Authors: Lynn Austin
Until We Reach
Until We Reach Home
Copyright © 2008
Cover design by The DesignWorks Group
Cover photography by Steve Gardner, PixelWorks Studios, Inc.
Scripture quotations are taken from the HOLY BIBLE, NEW INTERNATIONAL VERSION
. Copyright © 1973, 1978, 1984 by International Bible Society. Used by permission of Zondervan Publishing House. All rights reserved.
All rights reserved. No part of this publication may be reproduced, stored in a retrieval system, or transmitted in any form or by any means—electronic, mechanical, photocopying, recording, or otherwise—without the prior written permission of the publisher. The only exception is brief quotations in printed reviews.
Published by Bethany House Publishers
11400 Hampshire Avenue South
Bloomington, Minnesota 55438
Bethany House Publishers is a division of
Baker Publishing Group, Grand Rapids, Michigan.
Printed in the United States of America
Library of Congress Cataloging-in-Publication Data
Austin, Lynn N.
Until we reach home / by Lynn Austin.
ISBN 978-0-7642-0495-1 (pbk.)
1. Sisters—Fiction. 2. Swedes—United States—Fiction. I. Title.
To my family:
my husband, Ken;
my children, Joshua, Benjamin,
Maya and Vanessa;
my mom and dad;
and my sisters, Bonnie and Peggy
All She Ever Wanted
A Proper Pursuit
Though Waters Roar
Until We Reach Home
Wings of Refuge
A Woman’s Place
Candle in the Darkness
Fire by Night
A Light to My Path
HRONICLES OF THE
Gods and Kings
Song of Redemption
The Strength of His Hand
Faith of My Fathers
Among the Gods
LYNN AUSTIN is a four-time Christy Award winner for her historical novels
Hidden Places, Candle in the Darkness, Fire by Night,
A Proper Pursuit
. In addition to writing, Lynn is a popular speaker at conferences, retreats, and various church and school events. She and her husband have three children and make their home in Illinois.
“It is good to have an end to journey
towards; but it is the journey that
matters in the end.”
into the barn and everything changed. Her sister Sofia stood illuminated by a shaft of sunlight as she paused from her chores; close beside her, talking softly to her, stood Uncle Sven. His hand rested on Sofia’s hair, which dangled down her back in a long, golden braid. Elin remembered the weight of his hand on her own head and for a moment she couldn’t breathe.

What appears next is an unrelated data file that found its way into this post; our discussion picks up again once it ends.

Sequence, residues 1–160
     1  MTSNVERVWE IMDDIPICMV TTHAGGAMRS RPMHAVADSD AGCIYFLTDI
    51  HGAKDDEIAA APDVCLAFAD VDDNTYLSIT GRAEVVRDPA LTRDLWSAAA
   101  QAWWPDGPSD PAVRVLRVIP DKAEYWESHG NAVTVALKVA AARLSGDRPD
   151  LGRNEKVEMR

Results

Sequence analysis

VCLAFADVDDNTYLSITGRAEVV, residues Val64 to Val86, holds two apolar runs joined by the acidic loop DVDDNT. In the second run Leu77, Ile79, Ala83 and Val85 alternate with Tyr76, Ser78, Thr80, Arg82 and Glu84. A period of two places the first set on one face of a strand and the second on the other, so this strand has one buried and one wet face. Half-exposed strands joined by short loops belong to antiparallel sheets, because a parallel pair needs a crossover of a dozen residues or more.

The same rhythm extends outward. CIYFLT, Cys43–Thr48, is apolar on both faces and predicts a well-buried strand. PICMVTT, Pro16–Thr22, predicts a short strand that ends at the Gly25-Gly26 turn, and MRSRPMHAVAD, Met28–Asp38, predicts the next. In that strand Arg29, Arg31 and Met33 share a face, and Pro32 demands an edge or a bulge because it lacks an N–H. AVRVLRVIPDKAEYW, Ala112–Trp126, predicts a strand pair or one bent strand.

“Don’t tell anyone, Elin.”
Her fear erupted in a strangled shout. “Sofia!”
Her sister jumped. Timid Sofia was frightened of the dark and of Aunt Karin’s geese and sometimes her own shadow. Sofia pressed her hand to her heart as she turned toward Elin.
“Oh, you scared me!”
“Elin sneaks up as quietly as a mouse, doesn’t she?” Uncle Sven said. He chuckled in his good-natured way and settled his cap on his head. He strode past Elin, touching her shoulder briefly as he left the barn, the straw crunching beneath his heavy boots.
“Don’t tell anyone. . . .”
Elin’s heart pounded. She couldn’t seem to move and didn’t trust herself to speak. Her breath plumed in the cold winter air. Sofia had returned to her chores, but she stopped and looked up again after a moment.
“What’s wrong, Elin?”
Sofia was sixteen, the same age Elin had been three years ago when Uncle Sven and his family had moved in with them. She needed to warn Sofia, to tell her what could happen, what nearly had happened today. But Sofia was so young, so innocent. So happy. Elin had been all of those things, too, three years ago.
“What’s the matter?” Sofia asked again.
Elin shook her head and hurried out of the barn, running after her uncle, fear and anger boiling inside. Her boots bit through the snow’s crust as she ran. She caught up with him when he halted near the woodpile. He slowly turned to face her.
“Eh? You want something, Elin?”
How dare he pretend not to know. How dare he smile as if nothing had ever happened. Elin opened her mouth, longing to shout,
“You leave Sofia alone!”
But nothing came out.
Uncle Sven stared at her, his eyes boring into hers, his smile never wavering. Then he bent over, lifting the axe in one hand, a log in the other. He balanced the log on its end on the tree stump, then split it in two with one blow.
“You will be very sorry if you tell.”
Elin’s anger dissolved, leaving only her fear. She was speechless. Helpless.